10/22/2010 02:24:01 AM · #21
go here...

www.crucial.com

Click on Download the Scanner option, and run it.

it will tell you what your mainboard is capable of (usually) and what OS you're running, etc. It'll even tell you what kind of RAM it is. Feel free to post as much information as you can that it tells you. Then we can stop guessing, and confusing you just as much.

PM me if you would like direct help.
10/22/2010 04:48:34 AM · #22
Originally posted by vawendy:

Bridge is just painful. When I switch to another folder, it takes about 10 seconds for the folder to come up.

If you've got 3Gb ram already in there, and you're running WindowsXP, then I'd say disk i/o could be the problem.

Try cleaning up your hard drive a bit; Install and run ccleaner (shareware) this will clean up temporary files and your registry. When that's finished, then defragment your hard drive, which should improve file i/o and swap performance (google will tell you how to defrag your hard drive, it's very straightforward)
10/22/2010 04:58:03 AM · #23
For information, M$ gives the list of "how much RAM can you use on each windows version".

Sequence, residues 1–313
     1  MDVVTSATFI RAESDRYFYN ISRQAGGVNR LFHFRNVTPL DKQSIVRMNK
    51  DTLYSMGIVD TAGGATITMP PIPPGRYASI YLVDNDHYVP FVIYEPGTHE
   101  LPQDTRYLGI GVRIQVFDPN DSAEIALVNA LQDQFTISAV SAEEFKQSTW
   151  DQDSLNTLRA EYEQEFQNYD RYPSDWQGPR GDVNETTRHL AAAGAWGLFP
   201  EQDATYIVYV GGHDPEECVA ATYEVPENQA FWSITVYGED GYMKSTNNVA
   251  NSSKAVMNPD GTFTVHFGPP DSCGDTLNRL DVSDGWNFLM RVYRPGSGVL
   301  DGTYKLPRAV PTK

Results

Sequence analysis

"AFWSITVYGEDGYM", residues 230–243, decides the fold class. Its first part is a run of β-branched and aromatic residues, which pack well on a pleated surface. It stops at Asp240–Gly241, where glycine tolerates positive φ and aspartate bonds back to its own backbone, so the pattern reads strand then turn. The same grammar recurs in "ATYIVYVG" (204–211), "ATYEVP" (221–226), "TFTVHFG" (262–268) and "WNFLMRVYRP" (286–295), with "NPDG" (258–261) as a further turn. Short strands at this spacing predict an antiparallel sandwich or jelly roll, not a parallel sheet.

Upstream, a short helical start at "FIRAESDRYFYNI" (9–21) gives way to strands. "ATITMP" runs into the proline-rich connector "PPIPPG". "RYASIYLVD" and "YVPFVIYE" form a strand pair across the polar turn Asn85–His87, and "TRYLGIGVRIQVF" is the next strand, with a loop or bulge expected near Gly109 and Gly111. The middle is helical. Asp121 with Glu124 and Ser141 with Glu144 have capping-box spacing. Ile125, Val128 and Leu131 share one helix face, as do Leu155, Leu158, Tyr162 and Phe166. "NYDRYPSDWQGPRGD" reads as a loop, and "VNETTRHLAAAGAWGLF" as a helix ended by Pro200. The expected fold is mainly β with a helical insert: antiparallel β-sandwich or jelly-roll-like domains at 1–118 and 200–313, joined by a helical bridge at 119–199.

And for example upgrading to win7 64 starter is not a solution : the limit is 2GB.
Here are the details : http://msdn.microsoft.com/en-us/library/aa366778%28VS.85%29.aspx

[troll] Buy linux for free :D [/troll]

Message edited by author 2010-10-22 05:07:40.
10/22/2010 05:39:22 AM · #24
Originally posted by smardaz:

only a few pointing out the fact that unless you have a 64 bit OS it will only address about 3.12 gig at the max, even Win7 32 bit is this way.


And only 64 bit hardware supports 64 bit OSes, so if you think about upgrading to 64 bit, check if your hardware supports it.
10/22/2010 06:41:51 AM · #25
you also need to look at what kind of ram you have, im betting its pc100 or 133, which is really pricey, i think it runs about $100 for a 512mb stick, and i would bet your motherboard only supports up to 2g.

memory will give you the most bang for your buck, but really if you are looking at upgrading ram, you should just get a new pc.

Message edited by author 2010-10-22 06:42:40.